In the way that surprising things happen in the New Zealand mountains before dark the low cloud completely lifted, there were almost clear skies and a tremendous view over the Otira Valley was revealed. At the top of the valley there was the actual Arthurs Pass quite clearly, you could see the highway crossing the slope on a steep angle, even the glint of a truck if you used your imagination.

Wow! In fact, super wow.

My world had gone from just seeing things close at hand, the last of the summer alpine flowers in some profusion, the track a few metres ahead, I hadn’t been able to make out the hut until 20 m away, to the full I-was-right-in-the-heart-of-the-mountains immersion. The steep slopes across the Otira Valley were visible in total clarity with the sun setting over my shoulder, it was generally amazing what some elevation can do for a view.

This was the first larger group I have stumbled on since the lot down with the reluctant novice at Doughboy, they have a hugely different dynamic from your average solo tramper, or even self-contained couple. Unlike when you travel alone and have considerable silence around, with them every moment was filled, talking, planning, reminiscing, jotting down stuff in their diary, joking much of the time, you’d have to say just bonding in general, certainly not much in the way of personal time except when they took the long solitary trip out to the toilet.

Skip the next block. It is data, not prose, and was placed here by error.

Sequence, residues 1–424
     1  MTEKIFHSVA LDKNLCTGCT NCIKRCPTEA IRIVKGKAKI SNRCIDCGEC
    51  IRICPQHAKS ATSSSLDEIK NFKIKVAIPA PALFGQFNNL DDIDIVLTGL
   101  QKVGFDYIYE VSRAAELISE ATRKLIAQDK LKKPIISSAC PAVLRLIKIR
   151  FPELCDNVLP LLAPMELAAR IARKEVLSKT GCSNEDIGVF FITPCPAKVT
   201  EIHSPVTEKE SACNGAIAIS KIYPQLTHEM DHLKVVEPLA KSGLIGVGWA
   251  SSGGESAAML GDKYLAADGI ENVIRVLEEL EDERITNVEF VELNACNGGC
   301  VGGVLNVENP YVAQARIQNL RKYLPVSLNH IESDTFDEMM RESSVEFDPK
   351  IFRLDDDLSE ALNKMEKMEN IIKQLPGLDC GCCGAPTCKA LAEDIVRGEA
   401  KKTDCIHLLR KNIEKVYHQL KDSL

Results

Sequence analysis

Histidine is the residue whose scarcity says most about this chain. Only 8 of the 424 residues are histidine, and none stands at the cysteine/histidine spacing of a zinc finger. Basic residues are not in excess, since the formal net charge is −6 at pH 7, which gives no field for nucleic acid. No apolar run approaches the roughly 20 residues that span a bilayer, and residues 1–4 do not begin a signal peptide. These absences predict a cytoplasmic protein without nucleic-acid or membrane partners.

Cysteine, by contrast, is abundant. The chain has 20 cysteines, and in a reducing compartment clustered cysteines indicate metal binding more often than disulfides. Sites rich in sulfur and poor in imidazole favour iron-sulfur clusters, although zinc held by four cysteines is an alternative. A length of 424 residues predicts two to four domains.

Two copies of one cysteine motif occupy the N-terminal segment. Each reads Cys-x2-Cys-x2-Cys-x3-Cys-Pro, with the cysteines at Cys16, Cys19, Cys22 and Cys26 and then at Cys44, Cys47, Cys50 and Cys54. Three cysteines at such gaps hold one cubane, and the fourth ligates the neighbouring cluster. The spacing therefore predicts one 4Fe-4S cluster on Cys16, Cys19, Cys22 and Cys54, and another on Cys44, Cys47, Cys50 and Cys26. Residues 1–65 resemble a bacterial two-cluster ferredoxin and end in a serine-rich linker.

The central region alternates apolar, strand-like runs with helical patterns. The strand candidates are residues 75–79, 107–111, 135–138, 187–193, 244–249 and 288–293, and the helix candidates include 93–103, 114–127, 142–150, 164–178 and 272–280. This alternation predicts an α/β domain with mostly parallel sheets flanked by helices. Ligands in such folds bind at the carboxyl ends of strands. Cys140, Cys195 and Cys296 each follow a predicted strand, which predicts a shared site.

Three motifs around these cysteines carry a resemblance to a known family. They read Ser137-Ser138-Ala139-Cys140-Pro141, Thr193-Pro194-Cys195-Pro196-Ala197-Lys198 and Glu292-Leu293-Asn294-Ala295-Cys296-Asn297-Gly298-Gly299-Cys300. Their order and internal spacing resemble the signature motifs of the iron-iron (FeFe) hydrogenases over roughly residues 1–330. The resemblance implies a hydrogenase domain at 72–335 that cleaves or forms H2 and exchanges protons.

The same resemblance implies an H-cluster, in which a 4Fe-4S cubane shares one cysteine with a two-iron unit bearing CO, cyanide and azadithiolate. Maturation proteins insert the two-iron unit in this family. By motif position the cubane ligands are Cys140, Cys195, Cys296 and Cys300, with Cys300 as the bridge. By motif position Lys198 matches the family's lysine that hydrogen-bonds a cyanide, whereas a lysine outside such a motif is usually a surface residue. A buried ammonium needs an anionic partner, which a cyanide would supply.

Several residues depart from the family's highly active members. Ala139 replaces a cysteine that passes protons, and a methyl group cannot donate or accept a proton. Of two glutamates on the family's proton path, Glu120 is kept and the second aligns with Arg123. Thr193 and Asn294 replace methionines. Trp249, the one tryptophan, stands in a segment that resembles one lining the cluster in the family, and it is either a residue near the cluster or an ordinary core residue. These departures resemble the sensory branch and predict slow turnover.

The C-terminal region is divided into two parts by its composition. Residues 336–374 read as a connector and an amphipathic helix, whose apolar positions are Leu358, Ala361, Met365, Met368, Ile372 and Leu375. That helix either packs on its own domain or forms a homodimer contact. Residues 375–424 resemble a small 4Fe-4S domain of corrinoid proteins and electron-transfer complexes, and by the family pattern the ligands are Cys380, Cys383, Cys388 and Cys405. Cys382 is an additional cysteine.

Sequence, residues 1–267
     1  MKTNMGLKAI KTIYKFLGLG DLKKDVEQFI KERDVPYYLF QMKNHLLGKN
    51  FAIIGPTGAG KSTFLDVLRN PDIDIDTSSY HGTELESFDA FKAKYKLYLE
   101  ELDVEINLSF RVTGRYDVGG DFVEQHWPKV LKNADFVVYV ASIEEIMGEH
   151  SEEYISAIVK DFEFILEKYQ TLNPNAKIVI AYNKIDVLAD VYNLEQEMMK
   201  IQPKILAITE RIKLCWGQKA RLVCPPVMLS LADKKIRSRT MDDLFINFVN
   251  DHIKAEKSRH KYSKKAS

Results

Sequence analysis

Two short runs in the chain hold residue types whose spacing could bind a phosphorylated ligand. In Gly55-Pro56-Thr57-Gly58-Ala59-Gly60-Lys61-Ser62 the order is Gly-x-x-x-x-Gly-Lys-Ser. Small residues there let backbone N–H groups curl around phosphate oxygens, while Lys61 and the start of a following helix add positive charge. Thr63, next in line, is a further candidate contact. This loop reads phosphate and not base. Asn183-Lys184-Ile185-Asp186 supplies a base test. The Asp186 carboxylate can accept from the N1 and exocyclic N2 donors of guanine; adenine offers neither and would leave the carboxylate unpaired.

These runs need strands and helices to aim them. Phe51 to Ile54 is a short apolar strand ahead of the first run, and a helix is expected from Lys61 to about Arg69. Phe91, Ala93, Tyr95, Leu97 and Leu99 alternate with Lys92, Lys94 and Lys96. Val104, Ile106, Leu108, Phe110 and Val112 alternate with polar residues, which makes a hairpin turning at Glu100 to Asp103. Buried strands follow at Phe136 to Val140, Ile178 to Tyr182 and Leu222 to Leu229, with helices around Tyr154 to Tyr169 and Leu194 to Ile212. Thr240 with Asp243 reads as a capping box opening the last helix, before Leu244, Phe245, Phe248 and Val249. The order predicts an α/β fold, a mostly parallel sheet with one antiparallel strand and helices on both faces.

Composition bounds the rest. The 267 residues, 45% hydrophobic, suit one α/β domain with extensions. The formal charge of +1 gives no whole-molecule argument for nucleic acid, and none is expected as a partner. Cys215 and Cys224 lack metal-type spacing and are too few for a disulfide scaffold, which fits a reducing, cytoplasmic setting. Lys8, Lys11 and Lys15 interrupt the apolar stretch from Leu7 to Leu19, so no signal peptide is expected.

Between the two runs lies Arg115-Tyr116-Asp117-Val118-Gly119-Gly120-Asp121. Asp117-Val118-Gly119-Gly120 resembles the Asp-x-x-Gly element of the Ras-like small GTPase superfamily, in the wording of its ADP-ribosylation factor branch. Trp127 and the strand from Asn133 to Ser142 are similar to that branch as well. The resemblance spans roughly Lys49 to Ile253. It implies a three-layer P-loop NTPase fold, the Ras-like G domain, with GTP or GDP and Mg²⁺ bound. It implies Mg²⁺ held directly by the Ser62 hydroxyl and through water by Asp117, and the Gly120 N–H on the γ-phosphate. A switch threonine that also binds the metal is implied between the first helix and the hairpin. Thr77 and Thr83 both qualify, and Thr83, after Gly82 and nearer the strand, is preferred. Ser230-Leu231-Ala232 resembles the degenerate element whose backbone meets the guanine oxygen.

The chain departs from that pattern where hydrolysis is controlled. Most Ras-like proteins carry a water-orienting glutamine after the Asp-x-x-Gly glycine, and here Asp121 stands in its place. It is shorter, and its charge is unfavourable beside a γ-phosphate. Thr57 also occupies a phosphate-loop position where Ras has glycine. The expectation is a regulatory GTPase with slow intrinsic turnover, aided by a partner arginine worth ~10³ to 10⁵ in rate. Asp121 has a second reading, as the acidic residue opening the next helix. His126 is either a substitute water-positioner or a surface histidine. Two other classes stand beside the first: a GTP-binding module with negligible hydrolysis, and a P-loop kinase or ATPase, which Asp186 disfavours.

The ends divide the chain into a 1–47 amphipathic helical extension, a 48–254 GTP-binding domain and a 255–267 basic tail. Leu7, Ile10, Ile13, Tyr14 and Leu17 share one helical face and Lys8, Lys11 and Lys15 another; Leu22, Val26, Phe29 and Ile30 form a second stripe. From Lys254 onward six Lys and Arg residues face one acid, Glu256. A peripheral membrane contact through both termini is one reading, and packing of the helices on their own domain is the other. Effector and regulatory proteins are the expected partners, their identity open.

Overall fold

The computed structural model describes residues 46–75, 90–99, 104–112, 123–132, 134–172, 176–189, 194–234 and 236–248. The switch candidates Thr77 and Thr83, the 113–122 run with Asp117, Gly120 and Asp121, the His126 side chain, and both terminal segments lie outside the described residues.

I’d usually be in my tent to avoid all this but, for once, I was in the melee, it was seriously inclement outside, overly damp underfoot and quite cool now the cloud cover had removed itself to other parts. I couldn’t be bothered with getting my now dry tent soaked so soon, there would always be plenty of time for that later. In any case at 1120m it was fully tussock country, it would be hard to find any clear flat space large enough to pop the tent up.

Anyway with the older crew I guessed, correctly I later found out, I wouldn’t be the only, or loudest, snorer, so no worries. That was the voice of experience.

Looked like it would be a lively evening.

This is an extract from the book I am currently working on called, err,

100 Days of Tramping Te Araroa

I recount my thoughts and experiences when I walked the South Island section of Te Araroa, from Bluff to Ships Cove in the Summer of 2015. Oh, and there were 16 days getting as far south as is sensible to walk in New Zealand, down on Stewart Island/Rakiura, as a pre-amble.

The book is based on a blog found on my tramping New Zealand website.

author | GJ Coop | posted | 30 July 2015